Sallie Krawcheck: A letter to young women, a year into the Trump-nado

Sallie Krawcheck
Sallie Krawcheck Co-founder and CEO of Ellevest.
Noam Galai | Getty Images

I am an optimistic woman. But it was worse than we thought.

Just over a year ago, I published "A Letter to Young Women, in the Age of Trump." It came together in a rush the week before the election, fresh off of the Billy Bush tapes, and I figured I should memorialize the lessons from Trump's candidacy before he was defeated and would exit stage left. (Ha!) The net of it was: the work we women have to do to fight for real equality was more than we had thought; and I shared some hard-won lessons on how to move forward.

Fast forward a year.

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The revelations of the past few months demonstrate that sexual harassment in the workplace has been way worse than we thought. And so it cascades from there, that there is likely more gender discrimination and gender bias than we thought. And so it has been harder than we thought, damn it, for us women to get ahead in business.

Yes, I experienced harassment when I was climbing the corporate ladder, and so did a number of my friends. But, you know, I worked on Wall Street, so I sort of figured it went along with the territory. And then as I moved away from Wall Street and into entrepreneurship — and heard and saw similar stories there — I figured it was Wall Street and Silicon Valley. So two industries, very male-dominated.

And then came Hollywood. And TV. And radio. And start-ups. And, of course, government.

But also Matt Lauer? Charlie Rose? Two men we invited into our homes in the morning. We thought we could trust them. Is there a greater trust than with the people you drink your morning coffee with?

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Makes the Matt Lauer interviews of Hillary Clinton and Donald Trump seem even more lopsided — dare I say misogynistic — than they did at the time ... and they seemed pretty lopsided — dare I say misogynistic — at the time.

Remember that time Charlie Rose interviewed Kevin Spacey on Bill Clinton's infidelities? Excuse me while I throw up.

As recently as last year (just last year!), the advice given to professional women (including some from yours truly) was: "You've got this!" "Go get that raise!" "Know your worth!" "You go girl!" We told ourselves we had control; we could all be girlbosses by following a set of guidelines passed down from those who have been there. ("Oh, did you not get the raise? It's on you. Get back in there and be more compelling next time.")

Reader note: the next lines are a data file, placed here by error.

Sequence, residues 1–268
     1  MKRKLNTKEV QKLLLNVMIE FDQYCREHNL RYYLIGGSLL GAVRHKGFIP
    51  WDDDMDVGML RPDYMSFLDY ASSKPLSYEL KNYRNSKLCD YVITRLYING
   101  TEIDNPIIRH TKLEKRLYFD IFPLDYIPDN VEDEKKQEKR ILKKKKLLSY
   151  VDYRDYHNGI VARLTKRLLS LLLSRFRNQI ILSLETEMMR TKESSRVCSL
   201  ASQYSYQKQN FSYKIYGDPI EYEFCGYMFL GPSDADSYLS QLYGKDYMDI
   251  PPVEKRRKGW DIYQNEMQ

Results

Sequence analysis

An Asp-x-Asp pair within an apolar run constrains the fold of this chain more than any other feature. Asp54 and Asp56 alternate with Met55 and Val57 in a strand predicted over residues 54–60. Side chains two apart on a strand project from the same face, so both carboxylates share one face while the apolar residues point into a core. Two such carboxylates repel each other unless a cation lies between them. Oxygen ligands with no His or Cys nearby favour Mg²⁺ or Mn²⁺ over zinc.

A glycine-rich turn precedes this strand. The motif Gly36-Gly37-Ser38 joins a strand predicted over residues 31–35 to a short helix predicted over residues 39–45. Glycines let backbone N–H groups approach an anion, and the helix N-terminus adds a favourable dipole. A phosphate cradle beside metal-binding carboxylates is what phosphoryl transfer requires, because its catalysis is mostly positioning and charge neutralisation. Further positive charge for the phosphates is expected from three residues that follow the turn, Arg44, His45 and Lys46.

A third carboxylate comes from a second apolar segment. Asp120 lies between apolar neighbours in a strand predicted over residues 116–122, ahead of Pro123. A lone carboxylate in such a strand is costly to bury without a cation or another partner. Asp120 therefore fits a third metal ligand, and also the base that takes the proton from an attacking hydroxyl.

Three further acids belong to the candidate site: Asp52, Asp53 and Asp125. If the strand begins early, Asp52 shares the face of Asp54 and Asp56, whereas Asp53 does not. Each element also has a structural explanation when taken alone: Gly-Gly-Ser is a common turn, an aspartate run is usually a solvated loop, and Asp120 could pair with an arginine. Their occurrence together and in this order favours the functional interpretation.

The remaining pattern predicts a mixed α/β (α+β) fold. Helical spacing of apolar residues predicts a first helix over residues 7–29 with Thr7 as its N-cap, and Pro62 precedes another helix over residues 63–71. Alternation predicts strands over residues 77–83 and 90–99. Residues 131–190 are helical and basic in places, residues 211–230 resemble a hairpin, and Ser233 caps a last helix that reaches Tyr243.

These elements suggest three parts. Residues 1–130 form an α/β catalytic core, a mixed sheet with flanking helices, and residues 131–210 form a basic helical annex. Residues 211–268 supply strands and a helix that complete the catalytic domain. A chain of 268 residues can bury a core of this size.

The doctrine was that each of us could control our destiny at work, individually.

At the same time, we were simultaneously receiving the implicit message that we women didn't need each other to get ahead. Not only was success framed for us an individual sport, but the research tells us that women who advocated for other women in business got dinged for it. White men who advocated for women, in contrast, had their reputations enhanced.

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So if you wanted to get ahead, you played to the men, and we were in competition with the women for that one seat at the leadership table with the pink W on it. It pitted us against each other; it degraded our trust in each other; it kept us from working together, and so it kept us isolated and weak.

You know how they say there's strength in numbers? Yeah, not here.

The other message we got was that we could and should "have it all" — and that meant children, too. And once we had children, we needed to achieve "work-life balance." All while conforming to the 9-to-5 (or later) face-time work ethos of the 1960s. We had to somehow be the perfect company man from the 1960s – and his wife. F'ing impossible.

The result? The women who make it to the top in business continue to be the exceptions rather than the rule. Think Oprah Winfrey, Shonda Rhimes, Indra Nooyi: all exceptional, exceptional women. So even with girls getting better grades and more education, and with small encyclopedias worth of research showing that gender diverse teams drive better business results — the women who make it are nothing short of intergalactic aberrations.